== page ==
Matthew Chapter 17, Verse 27

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Book of Matthew
Chapter 17
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27

27: ινα δε μη σκανδαλισωμεν αυτους πορευθεις εις την θαλασσαν βαλε αγκιστρον και τον αναβαντα πρωτον ιχθυν αρον και ανοιξας το στομα αυτου ευρησεις στατηρα εκεινον λαβων δος αυτοις αντι εμου και σου— edit Textus Receptus
27: Notwithstanding, lest we should offend them, go thou to the sea, and cast an hook, and take up the fish that first cometh up; and when thou hast opened his mouth, thou shalt find a piece of money: that take, and give unto them for me and thee.— edit KJV text
Matthew Chapter 17, Verse 27/Douay— edit Douay text


Notwithstanding, lest we should offend them. That is, lest they should think that we despise the temple and its service, and thus provoke needless opposition, though we are not under obligation to pay it, yet it is best to pay it to them.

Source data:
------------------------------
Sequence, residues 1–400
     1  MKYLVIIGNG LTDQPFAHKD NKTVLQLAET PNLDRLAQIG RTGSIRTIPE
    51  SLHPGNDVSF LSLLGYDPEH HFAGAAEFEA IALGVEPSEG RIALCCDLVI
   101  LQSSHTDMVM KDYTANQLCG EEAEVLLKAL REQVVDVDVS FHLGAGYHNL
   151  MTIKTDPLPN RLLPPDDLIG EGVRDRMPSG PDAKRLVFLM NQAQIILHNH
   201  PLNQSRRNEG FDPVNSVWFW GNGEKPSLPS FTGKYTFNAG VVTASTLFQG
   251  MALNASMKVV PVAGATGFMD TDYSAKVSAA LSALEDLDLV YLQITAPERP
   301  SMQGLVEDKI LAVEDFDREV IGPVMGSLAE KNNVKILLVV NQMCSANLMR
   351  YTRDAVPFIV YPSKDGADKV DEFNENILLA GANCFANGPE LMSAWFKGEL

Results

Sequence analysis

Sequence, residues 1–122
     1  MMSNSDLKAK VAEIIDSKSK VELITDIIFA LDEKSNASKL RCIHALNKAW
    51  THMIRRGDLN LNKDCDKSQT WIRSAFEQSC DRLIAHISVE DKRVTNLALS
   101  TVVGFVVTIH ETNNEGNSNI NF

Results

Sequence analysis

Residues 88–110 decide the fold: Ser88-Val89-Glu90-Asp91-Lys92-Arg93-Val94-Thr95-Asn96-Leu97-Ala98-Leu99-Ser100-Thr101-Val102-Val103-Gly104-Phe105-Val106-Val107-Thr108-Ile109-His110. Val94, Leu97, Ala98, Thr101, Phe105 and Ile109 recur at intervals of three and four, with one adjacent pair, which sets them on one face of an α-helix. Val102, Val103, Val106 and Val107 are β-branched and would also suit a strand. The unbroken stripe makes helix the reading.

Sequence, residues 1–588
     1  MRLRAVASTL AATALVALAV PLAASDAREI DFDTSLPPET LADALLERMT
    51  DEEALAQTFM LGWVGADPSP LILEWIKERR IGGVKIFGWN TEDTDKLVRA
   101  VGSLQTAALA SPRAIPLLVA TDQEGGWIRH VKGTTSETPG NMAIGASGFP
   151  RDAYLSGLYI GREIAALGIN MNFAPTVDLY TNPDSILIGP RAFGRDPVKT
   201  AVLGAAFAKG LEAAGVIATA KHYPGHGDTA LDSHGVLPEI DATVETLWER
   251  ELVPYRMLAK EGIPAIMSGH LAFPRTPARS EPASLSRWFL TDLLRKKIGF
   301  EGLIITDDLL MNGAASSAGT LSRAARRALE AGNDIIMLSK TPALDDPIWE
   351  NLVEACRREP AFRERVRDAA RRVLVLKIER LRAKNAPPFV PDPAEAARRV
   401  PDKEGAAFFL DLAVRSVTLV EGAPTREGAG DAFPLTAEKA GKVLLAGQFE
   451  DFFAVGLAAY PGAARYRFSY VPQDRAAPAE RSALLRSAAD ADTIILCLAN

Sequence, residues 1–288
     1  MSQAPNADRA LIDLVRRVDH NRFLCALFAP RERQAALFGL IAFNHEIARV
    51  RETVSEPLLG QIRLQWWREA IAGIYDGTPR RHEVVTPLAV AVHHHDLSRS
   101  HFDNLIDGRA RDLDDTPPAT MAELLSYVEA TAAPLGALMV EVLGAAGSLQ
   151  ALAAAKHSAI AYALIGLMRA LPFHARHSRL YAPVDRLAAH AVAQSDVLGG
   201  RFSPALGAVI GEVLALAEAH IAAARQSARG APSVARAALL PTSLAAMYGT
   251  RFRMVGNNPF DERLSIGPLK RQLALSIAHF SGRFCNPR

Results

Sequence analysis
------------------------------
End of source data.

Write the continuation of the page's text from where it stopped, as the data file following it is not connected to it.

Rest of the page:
Go thou to the sea. This was at Capernaum, on the shore of the sea of Tiberias.

Thou shalt find a piece of money. In the original, thou shalt find a stater, a Roman silver coin of the value of four drachms, or one shekel, and of course sufficient to pay the tribute for two, himself and Peter. In whatever way this is regarded, it is proof that Jesus was possessed of Divine attributes. If he knew that the first fish that came up would have such a coin in his mouth, it was proof of omniscience. If he created the coin for the occasion, and placed it there, then it was proof of Divine power. The former is the most probable supposition. It is by no means absurd that a fish should have swallowed a silver coin. Many of them bite eagerly at anything bright, and would not hesitate, therefore, at swallowing a piece of money.

  • "stater", "which was half an ounce of silver"

-- edit commentary

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